3 examples of animals helped with 3D printing

There are plenty of examples of 3D printing helping the disabled, whether it’s the custom foot prosthesis, the Robohand, or the WREX exoskeleton. There will be a whole article about that later. Presently, we’re going to look at how 3D printing is helping our furry (and feathery) friends:

Buttercup the duck gets a new foot

Buttercup was born with a deformed left foot, and he’d never been able to walk, err… waddle correctly. The nice people at Feathered Angels Waterfowl Sanctuary are his caretakers. They’re not just nice though; they’re resourceful too. By 3D modeling a replica of the left foot of Minnie, Buttercup’s sister, and sending it to NovaCopy, a foot was 3D printed.

buttercup foot

The printed foot was used as a mold to create the red silicone foot on the right. It slips over a custom sock and Buttercup is able to waddle (and swim!) much better now with his new prosthesis.

Beauty the bald eagle gets a new beak

Beauty was shot by a poacher in Alaska and lost most of her upper mandible, making it impossible for her to eat and preen herself. Before dying of starvation, she was rescued and transferred to Birds of Prey Northwest where Janie Fink Cantwell fed her liquids from a tube and solid food with forceps. When her beak didn’t grow back after some time it was recommended that she be euthanized. Janie did not accept that decision and sought any help that was offered. After she gave a presentation that mentioned Beauty, a mechanical engineer from Kinetic Engineering Group named Nate Calvin went up to Janie and said “I think I can help you with Beauty if you are interested….” He created a physical mold of the missing part of the beak, 3D scanned it, tweaked it a bit in SolidWorks, and then 3D printed a nylon-polymer prosthesis.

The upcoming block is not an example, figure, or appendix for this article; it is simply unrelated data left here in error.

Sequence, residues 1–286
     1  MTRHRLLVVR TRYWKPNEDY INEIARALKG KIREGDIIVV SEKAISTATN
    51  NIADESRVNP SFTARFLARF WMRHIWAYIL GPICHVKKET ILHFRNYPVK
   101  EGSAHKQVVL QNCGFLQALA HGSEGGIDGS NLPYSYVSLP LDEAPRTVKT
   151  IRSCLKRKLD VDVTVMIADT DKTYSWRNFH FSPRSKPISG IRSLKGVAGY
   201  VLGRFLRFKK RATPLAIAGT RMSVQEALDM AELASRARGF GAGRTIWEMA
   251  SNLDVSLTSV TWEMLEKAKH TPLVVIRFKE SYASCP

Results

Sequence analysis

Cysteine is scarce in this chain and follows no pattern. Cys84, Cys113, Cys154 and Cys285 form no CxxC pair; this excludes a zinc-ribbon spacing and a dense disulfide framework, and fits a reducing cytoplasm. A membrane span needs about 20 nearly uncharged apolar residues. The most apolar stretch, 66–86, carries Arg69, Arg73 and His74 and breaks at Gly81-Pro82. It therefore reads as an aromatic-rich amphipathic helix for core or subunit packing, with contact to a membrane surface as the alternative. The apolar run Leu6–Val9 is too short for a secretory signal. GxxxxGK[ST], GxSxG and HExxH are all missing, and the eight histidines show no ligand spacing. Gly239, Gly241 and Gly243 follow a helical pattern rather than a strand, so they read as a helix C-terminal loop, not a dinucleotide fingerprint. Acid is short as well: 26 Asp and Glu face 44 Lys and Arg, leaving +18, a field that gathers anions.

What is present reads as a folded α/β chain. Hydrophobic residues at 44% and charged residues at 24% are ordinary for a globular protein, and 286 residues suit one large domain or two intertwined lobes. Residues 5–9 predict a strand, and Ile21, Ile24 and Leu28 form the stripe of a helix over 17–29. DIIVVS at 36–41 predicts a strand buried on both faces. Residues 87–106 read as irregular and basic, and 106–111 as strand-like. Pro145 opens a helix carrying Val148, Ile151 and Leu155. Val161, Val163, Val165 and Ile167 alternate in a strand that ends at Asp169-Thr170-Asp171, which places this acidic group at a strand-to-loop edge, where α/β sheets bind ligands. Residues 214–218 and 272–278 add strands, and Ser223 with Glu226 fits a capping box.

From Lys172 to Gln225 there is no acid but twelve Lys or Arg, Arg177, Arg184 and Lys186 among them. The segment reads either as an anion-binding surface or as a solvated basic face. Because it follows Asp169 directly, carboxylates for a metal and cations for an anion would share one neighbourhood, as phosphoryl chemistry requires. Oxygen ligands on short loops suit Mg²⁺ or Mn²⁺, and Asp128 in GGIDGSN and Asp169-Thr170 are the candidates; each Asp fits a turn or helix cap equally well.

prosthetic eagle

With the help of Nate’s dentist, it took the team two hours to attach the new beak to the patient raptor, but it allowed her to eat and drink on her own for the first time in years. Her own beak eventually started growing again, which pushed the prosthesis off, but enough grew back that she can now feed herself without it.

Freddy the dog gets a wheelchair

Freddy started to lose function in his back legs after being diagnosed with degenerative disk disease (a disease that will soon be treated with 3D printing). Though he’s going through physical therapy, his owners were afraid he’d lose the ability to walk so they set to designing 3D printable rods to build him a wheelchair. They actually designed blocks that can be screwed together for an adjustable sizing. Some belts and fabric were added to the frame to form a rudimentary wheelchair for the little pup.

printed doggie wheelchair

All of these cases were executed by people with no experience with 3D printing adaptations for animals. Sometimes saving a life requires a pioneering spirit.